What conditions can mimic an acute exacerbation of chronic obstructive pulmonary disease (COPD) and require different diagnostic and treatment modalities?
What inpatient therapeutic modalities can help reduce mortality or length of stay for patients with exacerbation of COPD?
What medications should be utilized for a patient who is being discharged after an acute exacerbation of COPD to prevent further exacerbations?
What are the appropriate situations for use of noninvasive ventilation for patients with an acute exacerbation of COPD?
Other than medications, what modalities need to be considered and discussed with a patient at the time of discharge after an acute exacerbation of COPD?
Definition and Background
Chronic obstructive pulmonary disease (COPD) is a group of clinical and pathological pulmonary disorders that are preventable and treatable and are characterized by airflow limitation that is not fully reversible. The most common phenotypes of COPD are emphysema and chronic bronchitis. Emphysema is generally defined by pathologic and physiologic criteria as irreversible enlargement of the airways and loss of elastic recoil. Clinically, emphysema is characterized by dyspnea along with an expanded chest, decreased breath sounds, radiographic lucency, and flattening of the diaphragms. Chronic bronchitis is defined clinically by the finding of cough and sputum production on most days of at least 3 months per year for 2 consecutive years. Pathologically, the hallmark of chronic bronchitis is large airway inflammation and the hypertrophy and hyperplasia of the mucous-secreting goblet cells. The diagnosis of COPD requires spirometry which should be obtained in patients (at a time free of exacerbation) who exhibit cough, sputum production, dyspnea or risk factors/exposure history. COPD is defined clinically by airflow limitation on pulmonary function tests that is not fully reversible. The severity of COPD is classified by the degree of limitation in the forced expiratory volume in 1 second (FEV1) (Table 239-1).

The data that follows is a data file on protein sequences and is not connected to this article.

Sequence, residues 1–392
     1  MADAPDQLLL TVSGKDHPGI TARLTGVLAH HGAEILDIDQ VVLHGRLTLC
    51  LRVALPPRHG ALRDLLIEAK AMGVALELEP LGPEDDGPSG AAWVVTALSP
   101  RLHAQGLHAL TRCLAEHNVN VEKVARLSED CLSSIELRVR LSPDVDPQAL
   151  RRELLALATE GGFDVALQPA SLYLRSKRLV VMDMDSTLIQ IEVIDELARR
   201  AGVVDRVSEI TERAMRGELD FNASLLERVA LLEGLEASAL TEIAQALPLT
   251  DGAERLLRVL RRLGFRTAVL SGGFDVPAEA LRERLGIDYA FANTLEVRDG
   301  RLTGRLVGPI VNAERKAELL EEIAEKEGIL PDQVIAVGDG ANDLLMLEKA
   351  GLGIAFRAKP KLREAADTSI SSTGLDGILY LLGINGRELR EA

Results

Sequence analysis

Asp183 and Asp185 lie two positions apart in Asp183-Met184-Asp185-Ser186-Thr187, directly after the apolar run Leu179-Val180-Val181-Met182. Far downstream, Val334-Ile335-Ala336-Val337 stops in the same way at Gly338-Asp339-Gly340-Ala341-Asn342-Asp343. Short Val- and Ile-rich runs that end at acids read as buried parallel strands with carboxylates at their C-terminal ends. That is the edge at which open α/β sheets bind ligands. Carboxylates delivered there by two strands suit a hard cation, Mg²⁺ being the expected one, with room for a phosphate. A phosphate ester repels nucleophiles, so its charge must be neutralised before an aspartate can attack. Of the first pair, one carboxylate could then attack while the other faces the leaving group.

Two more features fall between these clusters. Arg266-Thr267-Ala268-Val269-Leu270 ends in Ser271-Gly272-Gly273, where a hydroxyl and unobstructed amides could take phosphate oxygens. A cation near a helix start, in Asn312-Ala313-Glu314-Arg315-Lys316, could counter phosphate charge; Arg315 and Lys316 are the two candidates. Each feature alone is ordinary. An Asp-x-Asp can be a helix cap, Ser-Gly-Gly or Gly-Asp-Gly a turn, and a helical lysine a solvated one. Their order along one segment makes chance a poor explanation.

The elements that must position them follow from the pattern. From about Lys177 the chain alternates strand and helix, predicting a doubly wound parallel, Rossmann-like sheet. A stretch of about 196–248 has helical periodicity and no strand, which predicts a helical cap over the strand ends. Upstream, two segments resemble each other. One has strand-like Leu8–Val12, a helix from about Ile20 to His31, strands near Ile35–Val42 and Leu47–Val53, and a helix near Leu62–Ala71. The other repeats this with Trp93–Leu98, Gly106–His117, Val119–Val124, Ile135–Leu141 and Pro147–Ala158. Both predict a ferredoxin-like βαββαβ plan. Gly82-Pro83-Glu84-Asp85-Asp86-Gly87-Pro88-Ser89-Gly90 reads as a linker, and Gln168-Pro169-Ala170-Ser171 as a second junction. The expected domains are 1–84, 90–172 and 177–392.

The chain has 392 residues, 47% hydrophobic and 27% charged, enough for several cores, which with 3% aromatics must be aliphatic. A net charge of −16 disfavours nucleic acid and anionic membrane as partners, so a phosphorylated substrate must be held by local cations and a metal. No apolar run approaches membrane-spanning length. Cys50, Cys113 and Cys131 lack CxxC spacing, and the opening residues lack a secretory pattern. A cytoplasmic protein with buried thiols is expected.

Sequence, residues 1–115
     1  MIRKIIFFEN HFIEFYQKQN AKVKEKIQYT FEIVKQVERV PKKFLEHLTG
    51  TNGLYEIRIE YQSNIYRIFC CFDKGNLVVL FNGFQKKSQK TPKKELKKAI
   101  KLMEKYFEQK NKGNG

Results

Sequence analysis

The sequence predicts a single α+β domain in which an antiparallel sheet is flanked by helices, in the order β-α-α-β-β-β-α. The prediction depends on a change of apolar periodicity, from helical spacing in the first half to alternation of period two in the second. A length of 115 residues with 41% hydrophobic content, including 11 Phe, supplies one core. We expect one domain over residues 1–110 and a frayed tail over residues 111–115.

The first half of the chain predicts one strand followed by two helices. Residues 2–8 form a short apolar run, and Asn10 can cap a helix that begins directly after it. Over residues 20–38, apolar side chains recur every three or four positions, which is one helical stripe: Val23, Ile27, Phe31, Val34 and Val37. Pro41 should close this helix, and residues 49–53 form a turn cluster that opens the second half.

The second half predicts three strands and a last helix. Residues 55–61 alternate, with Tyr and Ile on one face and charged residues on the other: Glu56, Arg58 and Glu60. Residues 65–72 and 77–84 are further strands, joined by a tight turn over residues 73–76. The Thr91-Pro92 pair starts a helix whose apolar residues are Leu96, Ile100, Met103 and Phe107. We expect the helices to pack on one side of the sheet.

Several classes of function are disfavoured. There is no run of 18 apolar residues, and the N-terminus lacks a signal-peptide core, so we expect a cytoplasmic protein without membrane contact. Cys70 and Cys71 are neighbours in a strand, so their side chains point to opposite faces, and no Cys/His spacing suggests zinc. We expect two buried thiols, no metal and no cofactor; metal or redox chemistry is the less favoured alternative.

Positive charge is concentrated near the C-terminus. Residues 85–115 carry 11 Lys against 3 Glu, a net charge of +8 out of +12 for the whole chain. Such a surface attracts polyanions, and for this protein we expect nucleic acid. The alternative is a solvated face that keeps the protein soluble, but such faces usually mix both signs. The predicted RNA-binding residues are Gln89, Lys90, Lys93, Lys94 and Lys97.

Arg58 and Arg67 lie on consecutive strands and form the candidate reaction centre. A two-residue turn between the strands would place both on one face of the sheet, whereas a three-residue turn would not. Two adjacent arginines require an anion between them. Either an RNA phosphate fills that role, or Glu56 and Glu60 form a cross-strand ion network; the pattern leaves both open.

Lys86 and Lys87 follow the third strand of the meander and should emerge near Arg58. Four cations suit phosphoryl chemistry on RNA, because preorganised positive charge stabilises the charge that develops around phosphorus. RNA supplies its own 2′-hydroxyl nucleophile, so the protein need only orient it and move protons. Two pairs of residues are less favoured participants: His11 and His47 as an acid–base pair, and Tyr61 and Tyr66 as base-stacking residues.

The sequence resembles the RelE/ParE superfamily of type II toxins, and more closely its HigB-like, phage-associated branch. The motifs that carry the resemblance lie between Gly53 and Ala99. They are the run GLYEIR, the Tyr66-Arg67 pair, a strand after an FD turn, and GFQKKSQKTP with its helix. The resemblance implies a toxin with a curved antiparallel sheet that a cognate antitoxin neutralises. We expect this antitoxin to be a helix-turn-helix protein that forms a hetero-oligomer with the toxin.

Table 239-1 GOLD Criteria for Chronic Obstructive Pulmonary Disease Severity |Favorite Table|Download (.pdf)
Table 239-1 GOLD Criteria for Chronic Obstructive Pulmonary Disease Severity
|0||At risk||Chronic cough, sputum production||Normal|
|I||Mild||With or without chronic cough or sputum production||FEV1/FVC < 0.7 and FEV1 80% predicted|
|II||Moderate||With or without chronic cough or sputum production||FEV1/FVC < 0.7 and 50% FEV1 < 80% predicted|
|III||Severe||With or without chronic cough or sputum production||FEV1/FVC < 0.7 and 30% FEV1 < 50% predicted|
|IV||Very severe||With or without chronic cough or sputum production||FEV1/FVC < 0.7 and FEV1 < 30% predicted|
|FEV1 < 50% predicted with respiratory failure or signs of right heart failure|
Hospitalists often manage patients presenting with new symptoms consistent with COPD, patients with acute exacerbations of underlying COPD, and patients whose COPD complicates the course of care for other medical conditions. In this chapter, we will review best practices for each of these scenarios and solutions for optimizing care of these patients ...